I am back!

After a long hiatus due to a political campaign I was working on, I'm back!!! I will get on with the process of again writing what is on my mind, especially since a ton of stuff has happened since I last wrote.

Stay tuned...

Tuesday, March 9, 2010

Really Dr. Mason?

The headline article in the March 8th edition of the Clarion-Ledger (Jackson, MS) startled me yesterday as I was visiting some of my former colleagues in the State Capitol. Dr. Ronald Mason, the president of Jackson State University, basically asserted in an e-mail to one of his faculty members that the Mississippi Legislative Black Caucus could not be trusted and that the caucus was out to get him.

As a personal note to Dr. Mason, I just want to say thanks, sarcastically. Since I served in the Mississippi Legislature during that time, I just want to thank him for painting us all in such a broad brush. I personally don't know what I did to earn his distrust, considering I was one of his biggest supporters to be hired, and virtually shut down the House of Representatives to make sure JSU received their fair share of funding prior to Billy McCoy being the Speaker of the House.

True, there are some members of the MSLBC that would like to see Dr. Mason leave, but not all of the members, past or current. It was an unfair assessment of those public servants who have done everything they could to represent the best interests of Mississippi Public Historically Black Colleges and some kind of gesture should be made to make amends to those of us who respected his presidency, especially those of us who are alumni of that fine institution.

However, I don't think the damage he has done since talks of mergers of the HBCU's can really be repaired, primarily after his electronic critique has been published statewide. I just hope someday he will eventually understand that the majority of Mississippi's African-American legislators are the best allies he has in this state, no matter how many pats on the back he gets from others.

Really, Dr. Mason, I assumed you were better than that. I guess it is my disappointment.

Sunday, February 28, 2010


Things are always changing in my world so much that I don't have time to comment on them all, especially when they happen. In addition, even though this is a blog about my life experiences and opinions, I have to consider some of the ramifications of sharing everything with the world. On that note, I wish to publicly apologize to my love for the last posting which seemed to affect her more than I realized. The forecast has changed from gloomy to partly sunny with bright horizons predicted for the future. If you read the last posting you know what I am saying without saying it.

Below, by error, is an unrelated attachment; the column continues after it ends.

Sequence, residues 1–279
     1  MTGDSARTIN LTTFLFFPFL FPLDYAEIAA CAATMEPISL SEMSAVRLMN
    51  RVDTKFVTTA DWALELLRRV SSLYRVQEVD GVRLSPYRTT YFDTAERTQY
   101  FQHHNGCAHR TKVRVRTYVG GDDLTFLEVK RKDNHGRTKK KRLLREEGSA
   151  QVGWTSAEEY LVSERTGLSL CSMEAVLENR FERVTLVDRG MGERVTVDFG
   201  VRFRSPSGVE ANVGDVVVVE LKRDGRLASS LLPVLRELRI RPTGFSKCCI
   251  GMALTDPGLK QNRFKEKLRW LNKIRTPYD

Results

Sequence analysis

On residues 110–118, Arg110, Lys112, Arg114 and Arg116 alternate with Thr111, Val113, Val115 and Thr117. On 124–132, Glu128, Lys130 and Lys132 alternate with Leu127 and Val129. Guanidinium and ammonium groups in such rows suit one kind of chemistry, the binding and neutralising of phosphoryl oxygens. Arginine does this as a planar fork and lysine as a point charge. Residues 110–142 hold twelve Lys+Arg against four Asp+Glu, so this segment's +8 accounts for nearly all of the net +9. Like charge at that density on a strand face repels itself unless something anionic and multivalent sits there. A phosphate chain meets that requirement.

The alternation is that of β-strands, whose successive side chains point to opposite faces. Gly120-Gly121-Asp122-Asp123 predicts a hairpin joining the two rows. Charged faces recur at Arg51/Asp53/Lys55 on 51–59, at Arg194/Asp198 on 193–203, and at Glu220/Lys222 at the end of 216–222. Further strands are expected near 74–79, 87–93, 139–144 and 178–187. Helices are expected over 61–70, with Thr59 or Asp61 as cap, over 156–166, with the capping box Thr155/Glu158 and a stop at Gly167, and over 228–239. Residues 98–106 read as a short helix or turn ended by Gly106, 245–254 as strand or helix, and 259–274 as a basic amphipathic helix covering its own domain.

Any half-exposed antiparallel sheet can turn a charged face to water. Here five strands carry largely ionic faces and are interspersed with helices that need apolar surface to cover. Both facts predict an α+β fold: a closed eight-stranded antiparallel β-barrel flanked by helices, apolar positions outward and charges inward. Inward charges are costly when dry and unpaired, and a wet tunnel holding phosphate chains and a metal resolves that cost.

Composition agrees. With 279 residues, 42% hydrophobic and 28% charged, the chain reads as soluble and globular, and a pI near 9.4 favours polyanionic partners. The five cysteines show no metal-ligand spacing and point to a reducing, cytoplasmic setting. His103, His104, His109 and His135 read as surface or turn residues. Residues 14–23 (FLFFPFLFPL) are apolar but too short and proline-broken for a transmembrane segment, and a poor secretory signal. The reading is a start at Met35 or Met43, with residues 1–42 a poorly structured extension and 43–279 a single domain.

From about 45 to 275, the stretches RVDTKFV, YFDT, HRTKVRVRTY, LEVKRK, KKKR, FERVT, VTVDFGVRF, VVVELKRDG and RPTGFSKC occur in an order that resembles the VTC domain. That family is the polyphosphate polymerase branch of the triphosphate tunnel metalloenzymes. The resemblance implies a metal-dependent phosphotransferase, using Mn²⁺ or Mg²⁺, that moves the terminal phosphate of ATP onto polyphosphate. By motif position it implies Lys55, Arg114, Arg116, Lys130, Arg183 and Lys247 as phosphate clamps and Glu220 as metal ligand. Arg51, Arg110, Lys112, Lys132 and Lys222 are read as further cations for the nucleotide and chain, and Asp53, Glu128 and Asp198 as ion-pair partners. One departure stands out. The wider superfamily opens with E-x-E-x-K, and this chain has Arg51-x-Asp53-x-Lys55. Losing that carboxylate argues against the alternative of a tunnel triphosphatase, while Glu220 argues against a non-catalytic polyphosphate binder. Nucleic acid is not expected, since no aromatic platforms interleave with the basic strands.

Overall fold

Moving on, I am pleased about a couple of things that happened this past week. One, as the Winter Olympics culminate today with an epic battle in men's hockey, I am pleased that the projected American stars for these Games delivered. No, they did not dominate their events, or sport even, like Michael Phelps did, but they either won and/or medaled and they gave it their all. We won in events we hadn't in generations and rose above the "Blades of Glory" trash talking during the figure skating events. It was compelling television for the sports junkie coming down from his/her Super Bowl high and I pray that executives like Gary Betteman don't blow it for the 2014 Games in Russia. Commissioner, you know what I'm talking about.

The other event that pleased me was the summit on health care reform, hosted by the President at the Blair House in Washington, DC. I am glad that the President called it, and in turn, called the bluff of the F-O-X-N-E-W-S crowd. I am glad the Republican leadership showed up, especially the members who departed from the rhetoric and threw out specific ideas to make the legislation better.

Having sat in major policy hearings, conference committees and town hall meetings, I really appreciated the opportunity for many Americans to watch their government really work. Sure it may look like grandstanding, but I believe in the end we are going to see a major health care reform bill passed in this administration. There were many in the room who want to see the President fail in his attempt only for short-term political gain, but surely they know that the summit event itself did more to stop that goal from becoming a reality. No US President in my lifetime attempted to bring the conference committee experience into our living rooms before. I hope the American people appreciated the experience as much as I did, because it was for their long-term benefit.